In a society with an abundance of American brand names for fast-food eateries, what could be more exotic for Korean food-lovers than a name in French?

Established in 1986, Paris Croissant introduced the European bakery culture to Korea. In 1988, Paris Croissant launched Paris Baguette, which grew into a top bakery café franchise brand in Korea.

PBaguette copy
A Paris Baguette in Suncheon

Paris Baguette was founded in 1988 by Korean businessman, Hur Young-in, as a place to go in Seoul for eclairs, croissants, and other delicious pastries with a distinctly French “look”. They also adapted many of the typical French goods for the Korean palate, for example by using flavors such as green tea and sesame. They also made pastries fusing savory (like ham and cheese) with sweet (like condensed milk or honey)—a concept very popular in Asia but strange to most European and western tastes.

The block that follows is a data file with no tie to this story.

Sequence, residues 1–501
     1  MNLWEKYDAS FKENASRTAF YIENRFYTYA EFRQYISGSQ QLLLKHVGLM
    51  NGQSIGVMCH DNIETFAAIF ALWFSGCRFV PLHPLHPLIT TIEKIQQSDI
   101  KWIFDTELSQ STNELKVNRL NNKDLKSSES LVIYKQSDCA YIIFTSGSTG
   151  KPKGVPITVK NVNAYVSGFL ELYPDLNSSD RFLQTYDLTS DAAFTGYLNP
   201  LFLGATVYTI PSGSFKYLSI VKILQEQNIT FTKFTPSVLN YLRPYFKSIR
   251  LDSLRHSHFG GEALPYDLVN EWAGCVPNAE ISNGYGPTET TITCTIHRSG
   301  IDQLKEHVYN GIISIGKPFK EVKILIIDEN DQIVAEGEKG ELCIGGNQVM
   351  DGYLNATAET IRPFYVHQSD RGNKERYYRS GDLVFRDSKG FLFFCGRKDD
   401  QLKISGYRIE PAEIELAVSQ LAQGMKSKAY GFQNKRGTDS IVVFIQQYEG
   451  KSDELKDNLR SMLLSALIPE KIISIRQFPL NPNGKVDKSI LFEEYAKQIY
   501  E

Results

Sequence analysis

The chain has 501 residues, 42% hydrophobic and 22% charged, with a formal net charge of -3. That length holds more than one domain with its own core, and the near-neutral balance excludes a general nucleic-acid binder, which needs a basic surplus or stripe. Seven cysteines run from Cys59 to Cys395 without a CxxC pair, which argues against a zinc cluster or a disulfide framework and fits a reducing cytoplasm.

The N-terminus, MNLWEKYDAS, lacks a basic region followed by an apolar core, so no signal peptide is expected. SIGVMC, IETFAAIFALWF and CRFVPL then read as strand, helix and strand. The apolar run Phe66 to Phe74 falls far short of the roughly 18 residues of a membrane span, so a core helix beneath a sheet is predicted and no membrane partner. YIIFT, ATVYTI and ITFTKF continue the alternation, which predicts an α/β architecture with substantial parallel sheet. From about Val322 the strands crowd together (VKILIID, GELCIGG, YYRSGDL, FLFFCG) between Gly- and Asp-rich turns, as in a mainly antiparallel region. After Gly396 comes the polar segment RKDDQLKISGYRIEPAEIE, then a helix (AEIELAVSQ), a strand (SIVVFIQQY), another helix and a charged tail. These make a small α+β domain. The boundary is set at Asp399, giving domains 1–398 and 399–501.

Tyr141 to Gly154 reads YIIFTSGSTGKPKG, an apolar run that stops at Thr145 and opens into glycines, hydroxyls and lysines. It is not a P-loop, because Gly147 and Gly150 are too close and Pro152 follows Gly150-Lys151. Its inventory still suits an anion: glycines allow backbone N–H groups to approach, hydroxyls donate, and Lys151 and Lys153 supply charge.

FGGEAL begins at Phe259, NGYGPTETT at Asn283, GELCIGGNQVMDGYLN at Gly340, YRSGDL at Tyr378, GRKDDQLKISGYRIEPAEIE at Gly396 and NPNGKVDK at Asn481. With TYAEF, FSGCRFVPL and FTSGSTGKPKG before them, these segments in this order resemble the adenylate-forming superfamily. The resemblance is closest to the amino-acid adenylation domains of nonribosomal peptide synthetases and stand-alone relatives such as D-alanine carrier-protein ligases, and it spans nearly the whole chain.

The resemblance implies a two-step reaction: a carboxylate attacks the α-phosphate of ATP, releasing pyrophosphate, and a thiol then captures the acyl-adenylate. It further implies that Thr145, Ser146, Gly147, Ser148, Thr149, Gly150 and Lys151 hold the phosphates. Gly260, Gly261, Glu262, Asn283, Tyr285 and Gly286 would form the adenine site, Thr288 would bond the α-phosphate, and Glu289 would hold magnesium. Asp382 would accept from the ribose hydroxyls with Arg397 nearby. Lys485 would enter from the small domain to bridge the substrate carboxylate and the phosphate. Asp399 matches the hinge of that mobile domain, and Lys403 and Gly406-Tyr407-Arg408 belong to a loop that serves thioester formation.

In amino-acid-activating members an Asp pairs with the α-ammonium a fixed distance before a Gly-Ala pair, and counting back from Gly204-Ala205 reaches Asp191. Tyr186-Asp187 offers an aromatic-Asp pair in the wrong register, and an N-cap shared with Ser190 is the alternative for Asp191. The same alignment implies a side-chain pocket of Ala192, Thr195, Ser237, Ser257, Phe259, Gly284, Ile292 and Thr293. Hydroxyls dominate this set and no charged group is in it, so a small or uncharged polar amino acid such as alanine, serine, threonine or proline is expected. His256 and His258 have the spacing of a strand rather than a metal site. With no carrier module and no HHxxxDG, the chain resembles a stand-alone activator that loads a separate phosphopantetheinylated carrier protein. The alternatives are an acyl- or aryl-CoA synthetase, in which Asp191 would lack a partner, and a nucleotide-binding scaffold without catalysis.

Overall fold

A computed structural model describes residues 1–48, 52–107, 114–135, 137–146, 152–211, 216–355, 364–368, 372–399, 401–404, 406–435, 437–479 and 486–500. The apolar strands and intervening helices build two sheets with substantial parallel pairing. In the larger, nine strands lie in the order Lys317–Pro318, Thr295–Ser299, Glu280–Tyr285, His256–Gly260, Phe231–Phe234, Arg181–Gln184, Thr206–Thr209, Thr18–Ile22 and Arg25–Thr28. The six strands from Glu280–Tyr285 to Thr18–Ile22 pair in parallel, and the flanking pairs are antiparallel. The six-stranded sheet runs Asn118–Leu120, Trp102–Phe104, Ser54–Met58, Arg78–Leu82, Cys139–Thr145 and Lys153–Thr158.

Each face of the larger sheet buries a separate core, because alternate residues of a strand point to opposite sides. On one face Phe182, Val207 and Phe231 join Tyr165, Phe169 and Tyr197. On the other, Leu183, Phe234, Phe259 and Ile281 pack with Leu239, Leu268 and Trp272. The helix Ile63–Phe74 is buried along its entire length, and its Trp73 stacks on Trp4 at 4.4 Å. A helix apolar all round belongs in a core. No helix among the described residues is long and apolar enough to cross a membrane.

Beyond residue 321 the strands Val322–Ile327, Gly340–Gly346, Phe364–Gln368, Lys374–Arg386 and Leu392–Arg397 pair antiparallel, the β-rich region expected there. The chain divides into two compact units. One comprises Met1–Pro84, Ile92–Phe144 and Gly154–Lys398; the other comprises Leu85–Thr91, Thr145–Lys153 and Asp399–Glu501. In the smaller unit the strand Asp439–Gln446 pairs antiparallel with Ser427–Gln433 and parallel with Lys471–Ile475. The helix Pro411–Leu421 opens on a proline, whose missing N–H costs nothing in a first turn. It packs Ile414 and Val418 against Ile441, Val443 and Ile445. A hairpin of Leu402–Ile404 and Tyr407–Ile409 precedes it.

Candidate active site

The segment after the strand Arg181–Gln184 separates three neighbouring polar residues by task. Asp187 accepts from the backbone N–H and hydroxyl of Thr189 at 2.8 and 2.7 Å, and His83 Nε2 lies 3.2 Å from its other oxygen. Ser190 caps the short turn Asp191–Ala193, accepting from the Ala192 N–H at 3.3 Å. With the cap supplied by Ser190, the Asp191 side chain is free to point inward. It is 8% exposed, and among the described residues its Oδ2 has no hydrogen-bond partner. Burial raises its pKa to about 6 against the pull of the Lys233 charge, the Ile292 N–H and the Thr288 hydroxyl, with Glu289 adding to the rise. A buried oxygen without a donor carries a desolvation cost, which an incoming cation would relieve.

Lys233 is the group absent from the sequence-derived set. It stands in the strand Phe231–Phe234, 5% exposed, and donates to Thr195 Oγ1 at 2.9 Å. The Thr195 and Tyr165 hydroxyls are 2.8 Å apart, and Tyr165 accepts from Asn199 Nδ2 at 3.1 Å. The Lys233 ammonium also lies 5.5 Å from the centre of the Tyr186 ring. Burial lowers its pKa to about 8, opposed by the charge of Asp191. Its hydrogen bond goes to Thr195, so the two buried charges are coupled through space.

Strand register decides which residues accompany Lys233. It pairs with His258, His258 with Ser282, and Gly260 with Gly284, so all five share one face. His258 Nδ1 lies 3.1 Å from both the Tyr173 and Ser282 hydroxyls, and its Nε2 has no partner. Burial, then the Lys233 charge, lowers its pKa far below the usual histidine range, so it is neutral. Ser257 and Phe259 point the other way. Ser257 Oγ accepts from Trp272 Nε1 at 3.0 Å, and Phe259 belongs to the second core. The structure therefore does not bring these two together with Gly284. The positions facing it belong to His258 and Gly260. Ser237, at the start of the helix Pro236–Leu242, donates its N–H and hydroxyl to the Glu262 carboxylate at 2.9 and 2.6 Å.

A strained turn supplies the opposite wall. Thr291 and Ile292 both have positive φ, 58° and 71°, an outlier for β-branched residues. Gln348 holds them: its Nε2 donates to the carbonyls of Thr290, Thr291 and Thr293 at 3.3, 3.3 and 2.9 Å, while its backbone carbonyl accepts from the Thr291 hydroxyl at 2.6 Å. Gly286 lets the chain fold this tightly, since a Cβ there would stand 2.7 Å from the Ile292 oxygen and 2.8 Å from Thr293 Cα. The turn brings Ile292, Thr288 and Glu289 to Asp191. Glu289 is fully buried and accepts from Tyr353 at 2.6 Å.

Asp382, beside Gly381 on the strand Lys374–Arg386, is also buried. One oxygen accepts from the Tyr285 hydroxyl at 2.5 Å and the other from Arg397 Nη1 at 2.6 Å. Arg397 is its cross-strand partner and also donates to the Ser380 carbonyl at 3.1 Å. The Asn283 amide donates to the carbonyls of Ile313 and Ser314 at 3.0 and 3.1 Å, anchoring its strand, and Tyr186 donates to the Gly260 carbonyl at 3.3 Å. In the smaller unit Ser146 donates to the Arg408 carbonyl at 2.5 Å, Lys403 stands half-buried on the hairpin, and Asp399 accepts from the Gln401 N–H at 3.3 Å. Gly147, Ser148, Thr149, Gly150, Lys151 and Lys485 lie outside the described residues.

Although it looks delicious, this style of cake is different to what you’d find in France

Generally, the menu was exciting and different, but many felt the replicas of real French cuisine were not totally authentic. This didn’t stop Paris Baguette from opening shops in Korea and around the world. In South Korea, Paris Baguette operates about 3,250 outlets, and the company aims to open stores in 60 countries, including China, the USA, Singapore and Vietnam.

Paris Baguette’s management says that it’s nonsense that it can’t be the face of French-style baking around the world. “There’s no reason a Korean company can’t become the best French bakery chain in the world,” Ahn Tae-ju, a company executive who has helped to plan Paris Baguette’s overseas expansion, said in an interview.